There are different organizations and individuals working to protect sharks and their habitats in the Dutch Caribbean. A significant milestone was the establishment of protected areas such as the Yarari Marine Mammal and Shark Sanctuary between Bonaire, Saba and St. Eustatius. Another milestone was in 2019 when the Dutch government adopted an International Shark Strategy. The strategy sets out which protective and management actions for sharks and rays are to be taken by the government in all seas and oceans where the Netherlands has influence (including the Dutch Caribbean). Additional efforts are still needed to create more marine protected areas, enhance enforcement, reduce pollution in the ocean, and promote sustainable fishing practices. These species know no (political) boundaries and their protection requires broadscale conservation efforts within the Dutch Caribbean and beyond.
The Caribbean reef shark is a species of paramount importance to the (Dutch) Caribbean’s coral reefs. With the extra protection being requested during the next COPS meeting in Aruba, there is hope that this species will have a healthy future. By recognizing their ecological significance and the challenges they face, we can work together to ensure a brighter future for the Caribbean Reef Shark in the Dutch Caribbean and beyond.
The Dutch Caribbean Nature Alliance (DCNA) supports science communication and outreach in the Dutch Caribbean region by making nature-related scientific information more widely available through amongst others the Dutch Caribbean Biodiversity Database, DCNA’s news platform BioNews and the press. This article contains the results from several scientific studies but the studies themselves are not DCNA studies. No rights can be derived from the content. DCNA is not liable for the content and the in(direct) impacts resulting from publishing this article.
Photo + photo credit: Jim Abernethy-all rights reserved
For more information, please contact: research@DCNAnature.org
Dive Pirates Foundation nominated for DEMA’s Community Champion Award, asking for DEMA Members to vote now!
Dive Pirates Foundation is proud to announce it has been nominated for DEMA’s 2023 Diving Community Champions award. The Foundation is asking all DEMA members to support the crew and vote to recognize the great efforts achieved in 2023!
Specifically, DPF is being recognized for this year’s “Find Your Inner Treasure” effort, which brought the world of scuba diving to 6 adults living with disabilities. Through this effort, the recipients – 5 of whom are military veterans – were equipped fully and trained by their local dive shops before enjoying a week-long dive trip to Cayman Brac Beach Resort. While at the resort, DPF provided additional volunteer instructors and adaptive buddies for all participants to dive adaptively alongside industry professionals and returning adaptive divers alike. For many of the new divers, these dives were their first open water diving experiences. By the end of the week, all new divers had completed more than a dozen open water dives, with some also earning their open water diver certification.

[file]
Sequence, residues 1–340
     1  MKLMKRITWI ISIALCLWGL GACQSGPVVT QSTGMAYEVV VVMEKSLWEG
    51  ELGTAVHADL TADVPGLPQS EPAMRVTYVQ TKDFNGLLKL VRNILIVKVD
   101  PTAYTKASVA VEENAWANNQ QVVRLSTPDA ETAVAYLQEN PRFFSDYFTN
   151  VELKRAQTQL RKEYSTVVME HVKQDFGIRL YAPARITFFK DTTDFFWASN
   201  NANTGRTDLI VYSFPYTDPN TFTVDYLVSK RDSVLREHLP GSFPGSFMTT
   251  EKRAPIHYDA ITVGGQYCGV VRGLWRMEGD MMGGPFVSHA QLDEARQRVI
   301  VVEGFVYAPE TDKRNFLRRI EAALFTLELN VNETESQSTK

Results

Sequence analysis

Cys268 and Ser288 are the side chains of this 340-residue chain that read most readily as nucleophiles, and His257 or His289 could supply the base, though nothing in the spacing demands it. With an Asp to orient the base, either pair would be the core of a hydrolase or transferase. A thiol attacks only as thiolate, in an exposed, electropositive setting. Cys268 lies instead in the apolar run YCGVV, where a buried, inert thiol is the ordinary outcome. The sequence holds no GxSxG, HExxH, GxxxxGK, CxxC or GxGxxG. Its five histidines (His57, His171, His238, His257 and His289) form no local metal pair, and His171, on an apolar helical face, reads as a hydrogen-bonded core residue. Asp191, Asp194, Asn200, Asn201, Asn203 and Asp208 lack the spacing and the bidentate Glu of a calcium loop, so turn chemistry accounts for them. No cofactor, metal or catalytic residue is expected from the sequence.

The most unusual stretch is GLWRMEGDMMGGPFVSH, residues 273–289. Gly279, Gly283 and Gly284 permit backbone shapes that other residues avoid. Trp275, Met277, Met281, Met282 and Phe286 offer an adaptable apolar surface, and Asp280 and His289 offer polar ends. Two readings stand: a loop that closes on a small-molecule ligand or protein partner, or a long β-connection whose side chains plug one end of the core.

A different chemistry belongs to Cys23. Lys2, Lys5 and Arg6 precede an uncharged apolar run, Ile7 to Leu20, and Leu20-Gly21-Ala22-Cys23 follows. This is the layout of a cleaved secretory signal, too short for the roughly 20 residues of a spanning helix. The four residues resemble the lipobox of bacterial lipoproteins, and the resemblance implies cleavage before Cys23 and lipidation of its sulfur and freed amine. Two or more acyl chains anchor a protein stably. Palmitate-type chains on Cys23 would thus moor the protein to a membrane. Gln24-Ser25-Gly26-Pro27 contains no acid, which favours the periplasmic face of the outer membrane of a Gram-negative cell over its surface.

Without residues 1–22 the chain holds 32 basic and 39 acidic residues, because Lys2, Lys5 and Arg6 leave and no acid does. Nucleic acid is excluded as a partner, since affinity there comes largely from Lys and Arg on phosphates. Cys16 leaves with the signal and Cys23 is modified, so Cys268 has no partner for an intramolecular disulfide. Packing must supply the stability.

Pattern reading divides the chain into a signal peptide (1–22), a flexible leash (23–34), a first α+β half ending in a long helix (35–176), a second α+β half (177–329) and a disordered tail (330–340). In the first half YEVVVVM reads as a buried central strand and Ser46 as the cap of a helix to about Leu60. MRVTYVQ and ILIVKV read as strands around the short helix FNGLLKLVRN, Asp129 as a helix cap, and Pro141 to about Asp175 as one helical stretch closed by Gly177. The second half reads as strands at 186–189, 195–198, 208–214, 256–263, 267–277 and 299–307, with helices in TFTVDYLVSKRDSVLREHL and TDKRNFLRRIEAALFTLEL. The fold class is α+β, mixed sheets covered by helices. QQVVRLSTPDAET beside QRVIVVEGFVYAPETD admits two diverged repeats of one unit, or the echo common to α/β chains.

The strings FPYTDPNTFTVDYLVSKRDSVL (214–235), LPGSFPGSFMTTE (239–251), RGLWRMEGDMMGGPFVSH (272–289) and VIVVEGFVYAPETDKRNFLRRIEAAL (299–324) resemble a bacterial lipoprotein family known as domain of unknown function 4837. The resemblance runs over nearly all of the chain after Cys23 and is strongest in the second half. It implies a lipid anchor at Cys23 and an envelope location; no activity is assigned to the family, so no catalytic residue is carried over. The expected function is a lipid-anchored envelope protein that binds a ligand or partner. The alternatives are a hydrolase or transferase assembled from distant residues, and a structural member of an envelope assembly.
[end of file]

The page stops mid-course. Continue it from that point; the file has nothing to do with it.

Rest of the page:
However, Dive Pirates’ “Find Your Inner Treasure” effort also provides something much more than a scuba diving trip: freedom. The new divers frequently used this word to describe the feeling of scuba diving, with many expressing that they thought diving was unattainable for them with their disability. For them, this trip was much more than a vacation. It was a confidence boost and validation of their ability.
New participants also found themselves welcomed into the Dive Pirates family and the dive community at large. Throughout the trip, DPF provided its participants new and old with fun events at the resort in order to build camaraderie and to promote a welcoming, inclusive environment for the 6 new divers. With the new members eager to return for future dives, as well as 8 past recipients, one stowaway adaptive diver, and other divers making this their vacation volunteer effort resulting in 64 travelers, 2023 marked another successful year for the Dive Pirates Foundation.
Now, DPF needs you to vote so they can be recognized for their amazing work! Voting closes October 12, 2023, at 4:00 pm US Pacific Time. DEMA members can vote for DPF here.
The Dive Pirates Foundation a 501(c)3 organization, positively impacts the lives of its recipients; injured military, first responders, law enforcement and others with mobile disabilities, by welcoming them into adaptive scuba diving which fosters accomplishment, self-worth and community. The Foundation trains, equips and conducts dive trips year-round to calm, warm-water locations for the safety of those with spinal cord injuries, networking with facilities willing to empower all participants with compassion and adaptation for a positive experience diving, team building and networking.